Netflix between cinema culture and consumer products

Netflix between cinema culture and consumer products

In the last years, the film industry has seen the birth of a new protagonist: Netflix. The American platform, initially born as a modern video rental shop, is at the forefront today in the production of TV series and films.

Here is a brief history. The company was set up in 1997 in Los Gatos, California by Reed Hastings, a computer engineer graduated from Stanford, as a service for the rental of DVDs, VHS and video games by mail. Its founder had the brilliant idea to give the possibility to choose the products in a remote way and by subscription and with this new formula Netflix exploded. In 2005 Netflix sent out one million DVDs a day; in 2009 it had a catalogue of 100,000 titles of DVDs and more than 10 million subscribers.

In February 2007 Netflix decided to make a change in the rental of films by creating a platform for video streaming in the same way. It established itself on the international market and in 2016 even doubled the number of its subscribers.

Netflix imposes a cultural revolution and from a mere distributor it also has become a producer of TV series, first of all House of Cards (2011), its first original production, sold worldwide and winner of several Golden Globes. In just three years, Netflix landed in Europe and won over the public for the platform’s simplicity of use.

Netflix: all the secrets of its success

But what are the ingredients of Netflix's success? TV series churned out at will and the ability to create pure addiction, episode by episode, among its subscribers , even despite of the quality of the content offered. The series 13 Reasons why was a prime example of this. A worldwide phenomenon, a story, that is also trivial, set in an American college and that takes its cue from adolescent distress. Stereotypes and bullying make their way into the plot and with a high probability people can recognize themselves in the characters: teenagers like many who are victims of bullying every day, everywhere.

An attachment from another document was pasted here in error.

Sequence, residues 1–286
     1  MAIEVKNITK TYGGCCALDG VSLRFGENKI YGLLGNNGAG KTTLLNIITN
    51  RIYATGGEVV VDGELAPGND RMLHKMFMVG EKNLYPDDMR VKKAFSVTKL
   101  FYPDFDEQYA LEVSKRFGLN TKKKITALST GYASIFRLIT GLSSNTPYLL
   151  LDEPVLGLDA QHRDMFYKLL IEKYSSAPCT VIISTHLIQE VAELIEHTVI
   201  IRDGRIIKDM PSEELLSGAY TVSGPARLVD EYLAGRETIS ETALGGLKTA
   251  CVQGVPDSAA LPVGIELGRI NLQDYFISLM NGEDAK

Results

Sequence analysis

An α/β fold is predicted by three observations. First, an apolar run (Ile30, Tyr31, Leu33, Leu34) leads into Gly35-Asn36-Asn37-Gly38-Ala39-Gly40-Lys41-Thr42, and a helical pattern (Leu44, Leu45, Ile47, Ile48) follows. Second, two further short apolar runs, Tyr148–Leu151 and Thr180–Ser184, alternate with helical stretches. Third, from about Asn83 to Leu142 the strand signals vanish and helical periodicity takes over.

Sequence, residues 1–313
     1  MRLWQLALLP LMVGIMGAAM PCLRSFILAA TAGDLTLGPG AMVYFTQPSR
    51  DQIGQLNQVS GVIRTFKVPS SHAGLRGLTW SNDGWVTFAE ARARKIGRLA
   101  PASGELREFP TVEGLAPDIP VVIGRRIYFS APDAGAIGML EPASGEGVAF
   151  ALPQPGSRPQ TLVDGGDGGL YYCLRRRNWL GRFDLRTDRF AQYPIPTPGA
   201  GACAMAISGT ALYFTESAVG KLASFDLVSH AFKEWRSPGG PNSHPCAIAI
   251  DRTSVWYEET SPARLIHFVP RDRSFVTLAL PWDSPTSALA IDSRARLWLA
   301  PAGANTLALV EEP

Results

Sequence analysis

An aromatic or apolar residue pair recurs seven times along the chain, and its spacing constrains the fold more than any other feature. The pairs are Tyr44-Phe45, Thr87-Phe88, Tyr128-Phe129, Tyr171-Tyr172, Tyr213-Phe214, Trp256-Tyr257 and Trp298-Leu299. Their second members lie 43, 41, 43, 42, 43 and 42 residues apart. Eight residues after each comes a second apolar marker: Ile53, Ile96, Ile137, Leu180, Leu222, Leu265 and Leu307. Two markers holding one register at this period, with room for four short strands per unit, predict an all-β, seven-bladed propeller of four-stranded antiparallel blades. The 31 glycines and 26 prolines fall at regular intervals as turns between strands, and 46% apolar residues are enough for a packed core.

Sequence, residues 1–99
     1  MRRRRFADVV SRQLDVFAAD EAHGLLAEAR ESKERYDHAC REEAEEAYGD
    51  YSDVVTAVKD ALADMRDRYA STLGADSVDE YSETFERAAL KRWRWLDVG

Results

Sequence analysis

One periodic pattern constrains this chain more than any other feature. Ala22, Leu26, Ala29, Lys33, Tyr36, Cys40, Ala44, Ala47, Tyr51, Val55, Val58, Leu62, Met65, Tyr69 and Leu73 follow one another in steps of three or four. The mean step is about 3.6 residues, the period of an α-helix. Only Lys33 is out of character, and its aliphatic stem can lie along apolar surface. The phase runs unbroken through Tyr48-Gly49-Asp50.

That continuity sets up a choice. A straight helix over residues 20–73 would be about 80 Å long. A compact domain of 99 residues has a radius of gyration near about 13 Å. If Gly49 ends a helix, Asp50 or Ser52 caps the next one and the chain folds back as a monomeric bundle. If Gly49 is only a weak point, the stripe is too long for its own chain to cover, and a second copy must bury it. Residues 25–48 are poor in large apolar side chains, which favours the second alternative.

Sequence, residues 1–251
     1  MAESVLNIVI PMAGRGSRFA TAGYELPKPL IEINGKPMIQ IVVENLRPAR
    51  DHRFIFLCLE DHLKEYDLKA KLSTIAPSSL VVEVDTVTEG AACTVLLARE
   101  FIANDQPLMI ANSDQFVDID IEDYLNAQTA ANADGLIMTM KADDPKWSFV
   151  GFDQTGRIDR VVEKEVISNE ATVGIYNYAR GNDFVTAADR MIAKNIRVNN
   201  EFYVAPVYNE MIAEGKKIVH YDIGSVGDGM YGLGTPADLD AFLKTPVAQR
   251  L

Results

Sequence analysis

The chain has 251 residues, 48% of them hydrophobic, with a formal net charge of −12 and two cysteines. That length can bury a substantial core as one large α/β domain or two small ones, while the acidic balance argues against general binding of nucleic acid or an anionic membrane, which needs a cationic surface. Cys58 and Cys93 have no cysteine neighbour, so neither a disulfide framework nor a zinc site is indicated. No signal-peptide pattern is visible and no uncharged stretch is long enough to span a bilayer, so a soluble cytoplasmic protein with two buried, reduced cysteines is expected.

It is a story that takes its cue from reality without even great upheavals and without much imagination or twists, even if the construction of the plot makes the viewer curious enough to get to see the whole series without ever taking his eyes off it.

The availability of the next episode triggers a mechanism similar to addiction and the viewer, in the intimacy of his own home, loses himself in the story, taking full advantage of it until the end. A "product" that absorbs full attention and becomes a companion of whole nights to complete the story. The phenomenon of Binge-watching is nothing more than the spasmodic consumption of the episodes, without the possibility of stopping the curiosity of the viewer and, like Penelope's shroud, is potentially infinite, because that episode will be followed by another and then another again and if that is not enough, the second series will arrive, then the third and so on.

TV series and values

Over the years, Netflix's offer has been enriched with more and more elaborated contents, designed to be watched as long as possible and to involve an increasingly varied and wider audience that includes different age groups.

Netflix's offer is able to gather the consent and requests of its subscribers and show them what they like best.

But in reality, what are the messages hidden behind the famous TV series produced by Netflix and what impacts can they have on young people?